In the end, we need to do what we are comfortable with. If you aren’t comfortable learning new skills and aren’t comfortable asking for compensation that you deserve, that’s fine. Just know that you are worth more, and you need to plan your life around the fact that it will be hard to improve your situation much. Remember, there is no reward without risk. If you are unable to take the risk of learning a new skill and asking for fair compensation, there will never be any reward.

Have you ever negotiated a significant pay increase? How did you do it? What risks did you take? Leave your feedback in the comments!

Good Hunting,

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9 Responses

  1. Zed says:


    Seriously, of all your posts this rings true the most for me. In fact I’ve been telling it to all of the interns I work with (even during interviews!). I recently changed companies, after 8 years, and got a decent pay raise. I should have done it sooo much earlier. (I did get decent raises and promotions for 8 years, but not enough to stay that long.)

    I believe it is common/trendy now to move companies frequently, and that can be dangerous, but people are doing it for a reason! I now see why, and I also see that even in my new role, with more pay, that I am/will continue to be underpaid.

    Go out there and assert yourself! (Thanks S-Bob!)

    • David says:

      Thank you!

      Its unfortunate that companies won’t pay employees enough to stay. One of my coworkers just got his PhD. At this point, he has a BS, 2 MS, and a PhD. Right now he’s only making $115k which is a lot, but nowhere near his earning potential. When he confronted HR about it, they said that “we pay new hires with your credentials much more because we need to get them to leave their jobs” which is so short-sighted. My company would rather pay somebody else who they don’t know $135k instead of paying him $125k.

      It sucks that we need to change companies to really increase our salary. I really like my coworkers. I’m not looking forward to talking to my group lead because he really is a role model whom I look up to. But at the end of the day, I need to take care of myself first.

  2. NZ Muse says:

    Yep absolutely. Maybe it’s because I haven’t worked for any huge corporates (yet) but I just don’t see how this is achievable by staying in one place. I’ve increased pay by 20-25% each time I changed jobs.

    • David says:

      I just submitted my 2-weeks notice on Friday. Kinda sad, I wish my company would pay me even remotely competitively. I was on a great, successful team that I got along with. But the opportunity cost is huge.

  3. This is so relevant for me right now, thank you! I just received a new job offer last week and I’m currently trying to figure out what the total financial gain of the increased salary is going to mean for me. Thanks for writing 🙂

    • David says:

      Congratulations on your new job offer!

      I was passed up on a promotion after I worked very hard and won our company a significant amount of business. I talked to HR and my boss about it, and there was nothing they can do. I wonder if they’ll think back to our conversations: my last day is this Friday. The pay increase at my new position is more than what I got in 4 years at my current company. Unless you’re a unicorn, finding a new job is really the only way to increase your salary.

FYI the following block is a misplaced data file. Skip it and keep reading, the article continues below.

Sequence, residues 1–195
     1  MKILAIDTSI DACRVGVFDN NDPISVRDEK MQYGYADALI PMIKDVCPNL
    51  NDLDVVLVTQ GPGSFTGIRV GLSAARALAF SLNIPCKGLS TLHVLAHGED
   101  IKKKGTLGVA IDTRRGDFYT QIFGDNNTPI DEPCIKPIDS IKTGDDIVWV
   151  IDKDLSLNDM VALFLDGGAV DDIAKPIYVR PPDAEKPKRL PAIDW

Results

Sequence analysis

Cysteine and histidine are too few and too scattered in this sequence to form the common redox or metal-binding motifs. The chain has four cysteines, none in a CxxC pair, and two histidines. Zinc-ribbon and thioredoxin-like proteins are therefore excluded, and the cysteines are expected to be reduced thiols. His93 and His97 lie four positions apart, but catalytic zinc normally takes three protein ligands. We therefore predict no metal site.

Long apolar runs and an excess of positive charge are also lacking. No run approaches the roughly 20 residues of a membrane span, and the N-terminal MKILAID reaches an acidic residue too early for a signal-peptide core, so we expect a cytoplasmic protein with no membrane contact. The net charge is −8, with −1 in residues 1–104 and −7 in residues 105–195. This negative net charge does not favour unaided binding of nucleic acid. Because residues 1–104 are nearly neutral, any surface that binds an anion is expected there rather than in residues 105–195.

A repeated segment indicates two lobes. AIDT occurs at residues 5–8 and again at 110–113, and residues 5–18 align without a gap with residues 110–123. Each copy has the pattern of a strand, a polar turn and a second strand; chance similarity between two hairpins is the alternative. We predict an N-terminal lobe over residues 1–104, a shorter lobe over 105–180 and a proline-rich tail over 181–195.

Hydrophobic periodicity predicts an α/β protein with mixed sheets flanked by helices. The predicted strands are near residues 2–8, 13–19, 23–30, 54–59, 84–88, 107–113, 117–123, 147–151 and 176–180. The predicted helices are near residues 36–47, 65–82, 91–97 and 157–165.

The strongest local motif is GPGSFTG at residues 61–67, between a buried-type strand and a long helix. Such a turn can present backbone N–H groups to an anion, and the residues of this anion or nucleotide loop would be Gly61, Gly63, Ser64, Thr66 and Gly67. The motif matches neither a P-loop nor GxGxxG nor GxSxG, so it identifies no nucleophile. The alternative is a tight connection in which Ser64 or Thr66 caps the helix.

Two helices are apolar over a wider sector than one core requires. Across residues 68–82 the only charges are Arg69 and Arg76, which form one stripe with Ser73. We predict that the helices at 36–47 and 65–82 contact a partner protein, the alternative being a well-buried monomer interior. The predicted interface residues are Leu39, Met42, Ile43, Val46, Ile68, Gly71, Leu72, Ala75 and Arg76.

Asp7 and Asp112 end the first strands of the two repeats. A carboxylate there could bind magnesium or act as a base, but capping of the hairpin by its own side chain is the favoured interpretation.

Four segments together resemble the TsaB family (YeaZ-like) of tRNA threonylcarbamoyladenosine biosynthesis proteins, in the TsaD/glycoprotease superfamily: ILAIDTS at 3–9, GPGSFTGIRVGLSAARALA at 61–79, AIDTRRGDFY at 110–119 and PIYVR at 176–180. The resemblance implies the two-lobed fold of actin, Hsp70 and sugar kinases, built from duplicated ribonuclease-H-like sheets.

Good luck at your new job!

  4. David,

    Thank you for sharing your thoughts on the topic. Although I do know that it has become common practice these days to get a raise by changing companies, I’d throw caution to using some of the generalities above. As someone who runs a small business and who has friends that run small businesses, there’s much more that can go into the overhead in your examples above – on top of rent, making the product, R&D, legal fees, non income producing salaries, etc.

    I’ve always believed that good people make great companies, and that if you find a solid employee, you should do whatever possible to keep them. It sounds like your company doesn’t share the same philosophy. Fortunately for you and your coworkers, you’re high earners, where small adjustments can make large differences.

    Good for you for maximizing your earning potential, but maybe for many companies out there, there’s more than the employee knows about what goes into their employers expense column.

    Just my $.02. Best

    • David says:

      Hi Mike,

      I want to say thank you for your insights. It’s relatively uncommon to find people who actually own businesses, and I appreciate your thoughts. I should have prefaced the post with “I’m a disgruntled employee at a 70,000 person employer who doesn’t care about staff.” Since I started working for a startup, I have a lot more insight into different overhead components of businesses. For example, how much did that tweet cost, or that email newsletter? Should we pay somebody $1,000 to update our website, or do it in-house. How much business does each billable person need to generate to cover all of the overhead employees? There is really a lot that goes into the calculation, and it isn’t trivial.

      I’m very happy to have found a good company. I have no problem talking to the CEO, VP, CTO, etc. They give me advice and want to make me feel at home, something that I now value significantly more than money. At my last job, I could barely stand putting in my 40 hours. Now, I gladly work 60. I’m very lucky that I found a good fit and am compensated at the level of business that I generate.

      Again, thank you for your thoughts, I really appreciate them.


      • David,

        I’m happy for you that the new job is much more enjoyable. Sounds fulfilling too. One of my favorite things about blogging is learning new things and having an open mind to all of the ideas out there. I’ll keep checking out your site to see how life unfolds.

        Thanks for the civil discussion. Best regards,